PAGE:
20th Sunday in Ordinary Time
August 14, 2016
4:00pm at Saint Mary Parish, Pylesville
11:00am at Saint Matthew Parish, Baltimore
What Does Jesus Mean?
Today’s gospel is not one of those warm passages of Scripture.
It is very different from Jesus saying, “Come to me, all you who are weary and find life burdensome, and I will refresh you.” And it is very different from Jesus praying, “I pray that they may be one, as you, Father, are in me and I in you.”
And, of course, it is very different from our prayers here at Mass. We don’t say, “May the division of the Lord be with you,” but “May the peace of the Lord be with you.”
This passage can seem out-of-sync, almost contradictory to the rest of the gospel. So, I ask, we can ask: what does Jesus really mean here?
I think the key to understanding this lies in the three images that Jesus uses. 1) Fire, 2) Baptism and 3) Division.
Scripture commentaries say that fire is an image for choice.
So Jesus is saying that sometimes we will have to make a choice to follow his way or not. We will have to discern and choose right from wrong.
This will be true for children who are tempted to go onto the Internet when their parents have told them not to, or for business people in their dealings with customers. The image of fire says that Jesus calls us to make choices.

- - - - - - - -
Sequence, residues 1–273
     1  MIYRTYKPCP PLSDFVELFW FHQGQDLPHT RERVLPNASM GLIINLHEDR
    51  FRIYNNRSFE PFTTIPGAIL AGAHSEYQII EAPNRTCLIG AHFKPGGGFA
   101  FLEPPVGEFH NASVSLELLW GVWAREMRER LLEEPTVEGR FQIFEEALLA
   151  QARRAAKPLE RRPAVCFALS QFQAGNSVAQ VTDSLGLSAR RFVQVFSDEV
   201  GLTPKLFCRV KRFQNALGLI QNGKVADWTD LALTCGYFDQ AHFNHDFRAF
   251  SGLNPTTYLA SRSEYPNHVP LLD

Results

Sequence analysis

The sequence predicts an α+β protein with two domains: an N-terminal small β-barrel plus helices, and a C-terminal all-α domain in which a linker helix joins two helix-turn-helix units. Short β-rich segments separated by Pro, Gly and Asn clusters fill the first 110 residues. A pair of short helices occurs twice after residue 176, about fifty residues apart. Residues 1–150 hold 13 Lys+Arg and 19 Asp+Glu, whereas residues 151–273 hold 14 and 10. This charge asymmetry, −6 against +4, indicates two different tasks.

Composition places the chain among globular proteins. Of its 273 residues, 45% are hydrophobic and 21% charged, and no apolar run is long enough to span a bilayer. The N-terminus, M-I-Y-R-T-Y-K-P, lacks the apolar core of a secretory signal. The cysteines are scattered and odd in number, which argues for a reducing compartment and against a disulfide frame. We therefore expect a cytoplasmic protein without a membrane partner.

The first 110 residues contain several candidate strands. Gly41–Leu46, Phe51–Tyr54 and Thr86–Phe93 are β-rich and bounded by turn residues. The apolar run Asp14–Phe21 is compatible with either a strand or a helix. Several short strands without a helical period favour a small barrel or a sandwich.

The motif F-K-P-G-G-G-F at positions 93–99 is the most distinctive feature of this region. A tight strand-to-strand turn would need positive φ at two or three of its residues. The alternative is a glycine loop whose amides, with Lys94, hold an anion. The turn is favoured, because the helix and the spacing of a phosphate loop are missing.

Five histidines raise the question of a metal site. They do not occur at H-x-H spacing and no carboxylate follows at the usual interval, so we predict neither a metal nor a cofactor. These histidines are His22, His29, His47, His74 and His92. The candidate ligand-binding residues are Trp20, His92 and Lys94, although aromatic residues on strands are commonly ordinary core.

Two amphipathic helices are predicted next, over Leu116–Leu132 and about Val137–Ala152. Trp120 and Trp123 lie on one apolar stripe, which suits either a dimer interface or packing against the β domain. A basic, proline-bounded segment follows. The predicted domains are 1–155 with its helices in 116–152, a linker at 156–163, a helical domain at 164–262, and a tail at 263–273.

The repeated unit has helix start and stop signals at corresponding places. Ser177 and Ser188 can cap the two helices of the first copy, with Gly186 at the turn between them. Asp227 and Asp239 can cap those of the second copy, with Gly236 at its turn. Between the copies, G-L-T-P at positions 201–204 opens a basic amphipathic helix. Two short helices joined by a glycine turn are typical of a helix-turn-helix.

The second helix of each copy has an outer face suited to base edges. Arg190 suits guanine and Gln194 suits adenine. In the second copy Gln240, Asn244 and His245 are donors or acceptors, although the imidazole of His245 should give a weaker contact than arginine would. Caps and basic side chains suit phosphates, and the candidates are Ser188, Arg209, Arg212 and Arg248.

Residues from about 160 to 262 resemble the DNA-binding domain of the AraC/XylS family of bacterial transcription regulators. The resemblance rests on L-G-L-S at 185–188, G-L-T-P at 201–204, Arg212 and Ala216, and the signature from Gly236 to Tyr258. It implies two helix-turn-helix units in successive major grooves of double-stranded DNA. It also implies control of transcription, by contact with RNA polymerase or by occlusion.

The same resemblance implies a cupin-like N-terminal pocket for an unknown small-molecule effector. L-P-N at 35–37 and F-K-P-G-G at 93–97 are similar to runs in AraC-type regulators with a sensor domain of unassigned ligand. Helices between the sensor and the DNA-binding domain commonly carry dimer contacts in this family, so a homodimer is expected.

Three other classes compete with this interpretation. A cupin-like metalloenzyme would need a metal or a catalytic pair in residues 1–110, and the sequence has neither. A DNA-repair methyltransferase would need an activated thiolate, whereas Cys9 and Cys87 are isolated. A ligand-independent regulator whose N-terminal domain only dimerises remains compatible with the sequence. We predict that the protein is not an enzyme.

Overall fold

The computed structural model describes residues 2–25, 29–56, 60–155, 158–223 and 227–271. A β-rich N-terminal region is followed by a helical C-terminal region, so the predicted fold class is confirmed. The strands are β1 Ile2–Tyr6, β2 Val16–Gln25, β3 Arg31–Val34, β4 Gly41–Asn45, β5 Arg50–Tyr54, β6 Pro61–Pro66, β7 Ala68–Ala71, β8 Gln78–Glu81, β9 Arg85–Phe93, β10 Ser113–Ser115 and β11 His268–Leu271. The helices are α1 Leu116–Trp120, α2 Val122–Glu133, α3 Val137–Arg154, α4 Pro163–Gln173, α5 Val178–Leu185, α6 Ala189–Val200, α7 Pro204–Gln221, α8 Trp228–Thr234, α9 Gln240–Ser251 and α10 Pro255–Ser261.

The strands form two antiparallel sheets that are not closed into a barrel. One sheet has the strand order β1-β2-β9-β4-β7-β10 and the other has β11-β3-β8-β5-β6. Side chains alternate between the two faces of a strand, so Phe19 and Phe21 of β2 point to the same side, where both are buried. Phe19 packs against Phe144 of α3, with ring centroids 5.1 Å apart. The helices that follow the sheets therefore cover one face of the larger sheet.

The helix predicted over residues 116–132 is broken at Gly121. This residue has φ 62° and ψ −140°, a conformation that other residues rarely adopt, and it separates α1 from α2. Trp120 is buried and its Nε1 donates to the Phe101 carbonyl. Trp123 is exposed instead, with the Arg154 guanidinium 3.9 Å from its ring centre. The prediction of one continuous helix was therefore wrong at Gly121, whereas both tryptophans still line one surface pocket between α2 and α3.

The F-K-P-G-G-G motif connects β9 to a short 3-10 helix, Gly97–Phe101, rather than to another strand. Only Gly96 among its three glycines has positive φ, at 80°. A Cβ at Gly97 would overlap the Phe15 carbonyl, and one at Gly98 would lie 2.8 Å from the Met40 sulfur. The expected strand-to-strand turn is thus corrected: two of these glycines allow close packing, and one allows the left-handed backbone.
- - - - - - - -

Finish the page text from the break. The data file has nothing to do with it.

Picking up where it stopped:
And then, when Jesus speaks of baptism here, maybe surprisingly, he is not talking about the sacrament.
Scripture experts tell us that this means our willingness to be immersed at times not in water but in suffering. The idea is that some of the choices we have to make will be uncomfortable.
So maybe we’re looked down upon and talked about because we will not participate in a conversation that negatively stereotypes certain people, especially those who are different from us in some way. The image of baptism says that Jesus calls us to accept some suffering as a result of the choices we make.
And then – and here’s the most confusing of the ideas – Jesus says that he has come for division and not for peace.
This also flows from the image of fire or our choice to follow the way of Jesus. The idea is that sometimes our choices will divide us from others.
So our youth who say no to alcohol or drugs or sex may find themselves divided from some of their peers. This is the kind of division that Jesus means.
Who Causes Division?
But notice: it is not Jesus who causes the division.
Jesus never intends, never wants and himself never causes division. Just page through the gospels and look at Jesus’ life.
Jesus never divides himself from anyone. And he never divides anyone else from himself.
His being with those who were isolated and on the margins of society and with those labelled as sinners is clear proof of this. There is no division here.
In fact, this is one of the traits of Jesus that some people choose – they choose to reject. Some of the people of Jesus’ day hold themselves above and beyond certain others and think Jesus should do the same.
So they reject Jesus. They divide themselves from him and, in the end, they precipitate his crucifixion.
This, I suggest, is the division that Jesus foresees. He foresees that his humble, open, embracing way would be hard for some people to accept and that is why he speaks of division.
Still, the example or model that Jesus himself gives is not division but relationship and oneness, no matter how right we think we are and how wrong we think others are. Jesus sees this as the way for everyone to grow closer to God.